Take for instance self-driving AI models. A human driver can instantly make decisions about most unexpected situations while they’re driving, from a child running across the street to wet pavement from rainfall. An AI tasked with the same hurdles needs to be trained on data that represents every possible scenario that a driver can face.
Or consider home rental organizations that need to verify that all listings are legitimate. Having a person verify all the photos that users upload can be expensive and unwieldy, so some companies have developed AI models to automatically judge whether a photo’s description matches the picture and flag misinformation. But again, the number of edge cases can dramatically affect how the algorithm performs.
Tackling the challenge
If an AI model can make decisions on the company’s behalf through products and services, that model is essentially their competitive edge — and its performance entirely depends on the quality of the labeled data that was used to train it. Business leaders should think of training data as a competitive advantage and prioritize its quality and cultivation.
There is no silver bullet, however: the primary way for ML teams to break through bottlenecks and speed up innovation is to invest in infrastructure — including the tools and the workflows that enable ML teams to turn datasets into labeled data and make use of it. These tools should make it easy for teams to bring together every part of their labeling pipeline into a seamless process, including sending datasets to labelers, training labelers on the ontology and use case, quality management and feedback processes, model performance metrics that identify edge cases, and more.
“Choosing the right technology inherently brings the stakeholders together and streamlines their workflows and processes,” Sharma says. “By virtue of that, business leaders should be asking their teams to choose the right technologies to foster collaboration and transparency.”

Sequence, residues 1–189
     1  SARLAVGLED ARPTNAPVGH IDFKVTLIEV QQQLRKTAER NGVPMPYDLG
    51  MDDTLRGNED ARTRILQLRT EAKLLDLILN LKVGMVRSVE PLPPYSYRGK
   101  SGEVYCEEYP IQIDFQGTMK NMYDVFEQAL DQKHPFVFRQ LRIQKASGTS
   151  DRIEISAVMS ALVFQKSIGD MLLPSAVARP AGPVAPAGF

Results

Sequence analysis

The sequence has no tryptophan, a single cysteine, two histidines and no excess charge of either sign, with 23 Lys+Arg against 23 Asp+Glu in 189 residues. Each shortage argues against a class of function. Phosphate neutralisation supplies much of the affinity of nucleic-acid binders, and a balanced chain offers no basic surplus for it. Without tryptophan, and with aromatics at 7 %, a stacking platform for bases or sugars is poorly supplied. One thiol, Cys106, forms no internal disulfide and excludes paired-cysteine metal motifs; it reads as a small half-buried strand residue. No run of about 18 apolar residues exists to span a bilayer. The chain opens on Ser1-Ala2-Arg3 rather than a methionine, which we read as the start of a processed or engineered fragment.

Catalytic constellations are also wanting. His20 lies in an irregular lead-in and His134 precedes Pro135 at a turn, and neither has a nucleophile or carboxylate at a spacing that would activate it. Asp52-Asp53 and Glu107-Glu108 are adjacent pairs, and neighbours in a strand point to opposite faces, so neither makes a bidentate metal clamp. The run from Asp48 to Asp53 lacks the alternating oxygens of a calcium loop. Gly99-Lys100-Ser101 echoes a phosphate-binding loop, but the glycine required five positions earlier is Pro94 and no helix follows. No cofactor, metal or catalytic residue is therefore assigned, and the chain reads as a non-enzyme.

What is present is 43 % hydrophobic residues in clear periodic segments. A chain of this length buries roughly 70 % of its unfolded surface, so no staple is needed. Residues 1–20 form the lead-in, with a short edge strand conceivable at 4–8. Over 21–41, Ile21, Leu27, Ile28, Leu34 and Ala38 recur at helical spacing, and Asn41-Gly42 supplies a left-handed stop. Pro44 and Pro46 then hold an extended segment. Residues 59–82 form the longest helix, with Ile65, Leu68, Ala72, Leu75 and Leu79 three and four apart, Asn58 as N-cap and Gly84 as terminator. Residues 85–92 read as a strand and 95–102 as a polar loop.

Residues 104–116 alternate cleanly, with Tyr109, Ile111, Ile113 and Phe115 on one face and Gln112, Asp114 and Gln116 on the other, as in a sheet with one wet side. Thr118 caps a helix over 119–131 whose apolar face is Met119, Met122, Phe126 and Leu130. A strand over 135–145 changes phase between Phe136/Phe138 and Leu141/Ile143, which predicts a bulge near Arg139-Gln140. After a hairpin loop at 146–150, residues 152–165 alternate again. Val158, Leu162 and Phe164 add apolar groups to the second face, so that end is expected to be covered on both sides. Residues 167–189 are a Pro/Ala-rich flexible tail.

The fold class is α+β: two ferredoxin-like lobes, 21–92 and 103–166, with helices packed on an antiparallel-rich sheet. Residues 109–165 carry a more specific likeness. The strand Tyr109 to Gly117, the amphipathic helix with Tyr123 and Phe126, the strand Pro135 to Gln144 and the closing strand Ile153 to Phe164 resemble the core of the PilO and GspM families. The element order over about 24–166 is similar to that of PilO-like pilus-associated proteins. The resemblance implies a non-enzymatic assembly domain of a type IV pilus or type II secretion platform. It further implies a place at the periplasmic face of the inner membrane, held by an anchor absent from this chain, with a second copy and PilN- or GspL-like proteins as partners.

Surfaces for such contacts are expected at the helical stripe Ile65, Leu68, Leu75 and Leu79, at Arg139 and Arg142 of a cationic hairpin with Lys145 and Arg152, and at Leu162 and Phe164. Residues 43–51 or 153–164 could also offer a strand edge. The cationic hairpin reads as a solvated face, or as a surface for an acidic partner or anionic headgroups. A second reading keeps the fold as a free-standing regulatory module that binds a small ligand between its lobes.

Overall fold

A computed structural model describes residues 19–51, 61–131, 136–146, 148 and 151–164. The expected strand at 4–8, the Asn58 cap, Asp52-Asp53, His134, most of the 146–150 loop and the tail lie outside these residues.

To learn more about how to speed up the iteration cycle, label data quickly and effectively improve your competitive advantage, and how to choose the right tools and technology, join this VB Live event.
You’ll learn how to:
- Visualize model errors and better understand where performance is weak so you can more effectively guide training data efforts
- Identify trends in model performance and quickly find edge cases in your data
- Reduce costs by prioritizing data labeling efforts that will most dramatically improve model performance
- Improve collaboration between domain experts, data scientists, and labelers
- Matthew McAuley, Senior Data Scientist, Allstate
- Manu Sharma, CEO & Cofounder, Labelbox
- Kyle Wiggers (moderator), AI Staff Writer, VentureBeat
Denial of responsibility! Swiftheadline is an automatic aggregator around the global media. All the content are available free on Internet. We have just arranged it in one platform for educational purpose only. In each content, the hyperlink to the primary source is specified. All trademarks belong to their rightful owners, all materials to their authors. If you are the owner of the content and do not want us to publish your materials on our website, please contact us by email – firstname.lastname@example.org. The content will be deleted within 24 hours.